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Islamic derivatives: What would Mohammad do?
Commodities and Islam
the Start of Something Big
By Mark Bendeich
Friday, December 8, 2006
KUALA LUMPUR, Malaysia -- Global trade in commodities is booming, and not just because China is hungry for resources. Pious Muslims, too, are keeping commodity markets busy.
Islamic investors, whose religion forbids them from investing in many conventional financial securities, have discovered a growing appetite for metals, crude oil and, soon, vegetable oils.
"Daily turnover? I reckon it would run into hundreds of millions of dollars or maybe billions," said Mohamed Iqbal, a senior treasurer at Kuwait Finance House, when asked to estimate the value of commodities trade carried out in the name of Islam.
Islamic investors are not newcomers to commodities, but they have unique reasons for trading them.
For decades, they have quietly used trade in metals, such as copper, aluminium and platinum, to underpin all kinds of financial deals that would otherwise fall foul of Islamic or sharia law.
From cash deposits to a new breed of Islamic derivatives, commodities have been used to ensure investments abide by a central tenet of Islamic finance: that returns must be derived from a genuine business activity, such as trading goods.
For example, a trade in copper can be structured to give a return equal to that of bank interest, which is banned by sharia.
Instead of, say, paying $10,000 (5,000 pounds) interest on a term deposit, the bank sells an investor some copper for $10,000 below the market rate. The investor quickly sells the metal for a $10,000 gain. Under sharia law, this is a trading profit, not interest.
"It's not something new. It's been used quite widely in the (Middle East) Gulf," Iqbal said.
"We would go for copper, platinum and crude oil and now we are looking at palm oil," he added, listing the kind of commodities Kuwait Finance House employed in Islamic finance.
In October, Islamic investment bankers at Citigroup designed a currency swap it said was a first for Islamic finance.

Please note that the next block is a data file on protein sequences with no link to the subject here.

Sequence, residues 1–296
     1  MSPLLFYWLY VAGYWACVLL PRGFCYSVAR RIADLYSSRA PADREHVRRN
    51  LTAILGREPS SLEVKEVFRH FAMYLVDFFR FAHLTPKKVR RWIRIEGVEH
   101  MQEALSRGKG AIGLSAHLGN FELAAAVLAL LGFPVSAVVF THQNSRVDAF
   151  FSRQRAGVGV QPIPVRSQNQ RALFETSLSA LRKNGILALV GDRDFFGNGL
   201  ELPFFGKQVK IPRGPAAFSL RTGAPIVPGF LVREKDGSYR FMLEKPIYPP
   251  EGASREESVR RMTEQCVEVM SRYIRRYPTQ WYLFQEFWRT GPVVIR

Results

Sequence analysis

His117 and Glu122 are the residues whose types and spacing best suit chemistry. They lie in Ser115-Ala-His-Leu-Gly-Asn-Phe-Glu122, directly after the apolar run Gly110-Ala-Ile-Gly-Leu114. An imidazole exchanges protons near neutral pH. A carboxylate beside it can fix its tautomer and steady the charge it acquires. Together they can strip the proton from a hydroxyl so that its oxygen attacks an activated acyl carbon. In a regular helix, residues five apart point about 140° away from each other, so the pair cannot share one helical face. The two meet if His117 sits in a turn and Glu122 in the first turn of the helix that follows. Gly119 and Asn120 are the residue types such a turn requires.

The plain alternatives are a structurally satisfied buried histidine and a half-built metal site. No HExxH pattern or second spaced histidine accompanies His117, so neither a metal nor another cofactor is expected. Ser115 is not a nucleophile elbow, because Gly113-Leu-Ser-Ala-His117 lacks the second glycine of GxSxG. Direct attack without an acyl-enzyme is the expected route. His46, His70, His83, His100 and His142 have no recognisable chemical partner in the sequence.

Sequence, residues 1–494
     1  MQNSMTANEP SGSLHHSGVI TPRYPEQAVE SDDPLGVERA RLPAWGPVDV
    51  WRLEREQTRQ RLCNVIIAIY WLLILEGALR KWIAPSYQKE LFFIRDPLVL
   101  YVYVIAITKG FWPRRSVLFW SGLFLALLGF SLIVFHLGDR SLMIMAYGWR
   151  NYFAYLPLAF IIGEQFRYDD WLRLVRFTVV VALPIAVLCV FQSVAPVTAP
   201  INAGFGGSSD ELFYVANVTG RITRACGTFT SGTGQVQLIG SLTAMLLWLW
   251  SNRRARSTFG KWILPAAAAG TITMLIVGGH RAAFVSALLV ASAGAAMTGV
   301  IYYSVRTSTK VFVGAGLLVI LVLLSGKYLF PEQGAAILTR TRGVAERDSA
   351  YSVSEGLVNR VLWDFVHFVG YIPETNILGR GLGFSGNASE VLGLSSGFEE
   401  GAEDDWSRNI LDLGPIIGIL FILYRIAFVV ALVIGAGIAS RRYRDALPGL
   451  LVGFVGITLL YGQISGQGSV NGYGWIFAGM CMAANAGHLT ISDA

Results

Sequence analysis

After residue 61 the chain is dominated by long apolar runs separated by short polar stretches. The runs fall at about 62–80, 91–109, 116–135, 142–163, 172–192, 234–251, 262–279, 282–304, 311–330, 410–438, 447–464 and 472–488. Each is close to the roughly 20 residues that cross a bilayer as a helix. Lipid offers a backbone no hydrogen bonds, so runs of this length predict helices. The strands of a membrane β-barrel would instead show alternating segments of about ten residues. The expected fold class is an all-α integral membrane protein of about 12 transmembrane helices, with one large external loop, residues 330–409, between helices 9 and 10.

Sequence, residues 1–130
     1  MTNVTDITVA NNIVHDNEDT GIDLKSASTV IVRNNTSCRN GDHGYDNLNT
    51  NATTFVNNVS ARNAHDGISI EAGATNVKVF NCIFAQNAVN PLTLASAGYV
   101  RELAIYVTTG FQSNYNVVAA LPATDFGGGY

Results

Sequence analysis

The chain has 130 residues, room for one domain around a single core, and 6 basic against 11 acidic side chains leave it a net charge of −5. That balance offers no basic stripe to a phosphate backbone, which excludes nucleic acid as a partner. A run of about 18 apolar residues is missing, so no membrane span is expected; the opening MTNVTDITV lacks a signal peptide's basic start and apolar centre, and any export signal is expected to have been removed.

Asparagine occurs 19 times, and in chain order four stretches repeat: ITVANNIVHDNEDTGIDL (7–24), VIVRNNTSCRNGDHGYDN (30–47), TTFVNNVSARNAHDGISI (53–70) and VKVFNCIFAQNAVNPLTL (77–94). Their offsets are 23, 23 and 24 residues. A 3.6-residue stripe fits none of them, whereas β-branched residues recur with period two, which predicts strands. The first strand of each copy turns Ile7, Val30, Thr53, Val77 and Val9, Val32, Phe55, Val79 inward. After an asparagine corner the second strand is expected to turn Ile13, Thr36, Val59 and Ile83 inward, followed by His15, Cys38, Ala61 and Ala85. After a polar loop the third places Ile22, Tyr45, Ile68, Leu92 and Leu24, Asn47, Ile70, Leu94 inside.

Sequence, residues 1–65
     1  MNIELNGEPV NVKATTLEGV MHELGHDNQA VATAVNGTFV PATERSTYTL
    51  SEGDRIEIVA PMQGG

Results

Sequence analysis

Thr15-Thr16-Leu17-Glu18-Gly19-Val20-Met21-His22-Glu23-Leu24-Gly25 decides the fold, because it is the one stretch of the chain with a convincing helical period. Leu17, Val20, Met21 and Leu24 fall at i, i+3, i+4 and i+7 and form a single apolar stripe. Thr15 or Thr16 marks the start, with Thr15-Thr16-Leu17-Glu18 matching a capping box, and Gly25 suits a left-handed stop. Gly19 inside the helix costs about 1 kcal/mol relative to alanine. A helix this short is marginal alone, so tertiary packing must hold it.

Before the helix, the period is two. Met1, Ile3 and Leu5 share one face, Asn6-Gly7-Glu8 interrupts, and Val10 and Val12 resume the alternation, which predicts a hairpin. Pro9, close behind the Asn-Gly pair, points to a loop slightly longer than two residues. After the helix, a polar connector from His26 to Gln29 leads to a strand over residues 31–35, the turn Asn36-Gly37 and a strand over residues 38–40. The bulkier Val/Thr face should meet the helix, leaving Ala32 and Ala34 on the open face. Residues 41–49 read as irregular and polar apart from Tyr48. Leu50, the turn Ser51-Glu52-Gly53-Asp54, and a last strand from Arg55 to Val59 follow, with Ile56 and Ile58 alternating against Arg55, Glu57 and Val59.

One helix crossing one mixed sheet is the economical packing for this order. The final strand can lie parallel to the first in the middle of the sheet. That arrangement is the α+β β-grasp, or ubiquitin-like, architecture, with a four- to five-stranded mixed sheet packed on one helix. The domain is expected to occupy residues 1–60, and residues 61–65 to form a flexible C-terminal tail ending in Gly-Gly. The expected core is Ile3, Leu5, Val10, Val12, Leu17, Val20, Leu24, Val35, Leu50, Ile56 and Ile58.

It created the swap for Dubai Investment Group so it could hedge the currency risk on its 828 million ringgit (119 million pound) equity investment in Malaysia's oldest Islamic lender, Bank Islam Malaysia, a unit of BIMB Holdings.
Under the swap, if the ringgit falls against the dollar, the bank makes a payment to Dubai Investment Group to offset the drop in the dollar value of the group's investment. The bank does this by selling the group some metal at a discount to market value.
The group then sells the metal and treats the gain as profit.
It does not matter whether trades use copper or another metal under the five-year cross-currency swap, said Rafe Haneef, Citigroup Asia's head of Islamic banking.
"Most of the time, they will give us whatever is available. It doesn't have to be copper or aluminium as such. It's 100 dollars of metal, whatever metal they have," Rafe said.
Trades are often carried out through the London Metal Exchange, the world's largest non-ferrous metals market which boasts annual turnover of more than $4.5 trillion.
The LME could not give an estimate of the value of global commodities trade carried out to support Islamic finance.
"As a policy, we don't tend to comment on who uses the market," LME spokesman Adam Robinson said.
But London-based investment house Dawnay Day Group, which arranges commodities-based Islamic deals, said such trades ranged in value between $5 million and $100 million and sometimes more.
"Obviously it's significant," said Stella Cox, managing director of Dawnay Day Global Investment.
Among some of the other banks working on developing Islamic finance derivatives are HSBC, ABN Amro, Deutsche Bank, UBS and Standard Chartered.
Not all metals can support Islamic finance: gold is out because Islam treats it as a form of money, just as it was 15 centuries ago in the time of the Prophet Mohammad. Under sharia law, money per se is not an asset that can be traded.
Even food is being explored as support for Islamic finance, including palm oil in Malaysia, the largest producer of the edible oil and home to the world's biggest Islamic bond market.
Though liquidity is crucial -- trades must be done in minutes to achieve a predictable return -- Islamic bankers also use metals that are not exchange-traded, such as steel.
Suddenly, thanks to Islamic finance, steel makers can enhance returns, generating fee income on sale and repurchase agreements for stocks that would otherwise be gathering dust in a warehouse or on a waterfront or rocking gently at sea, bankers said.
Commodities usually do not have to physically move between seller and buyer to support Islamic finance, as long as the paperwork shows a change in legal ownership, bankers added.
But many sharia scholars frowned on trades where commodities never actually moved out of a warehouse and took a sceptical view of Islamic derivatives in general, they admitted.
"That's a very, very sensitive subject to just trade in assets that don't move," said Dawnay Day's Cox. "Physical delivery has to be an absolute possibility. Everyone needs to understand that if someone chooses delivery, that's the risk."
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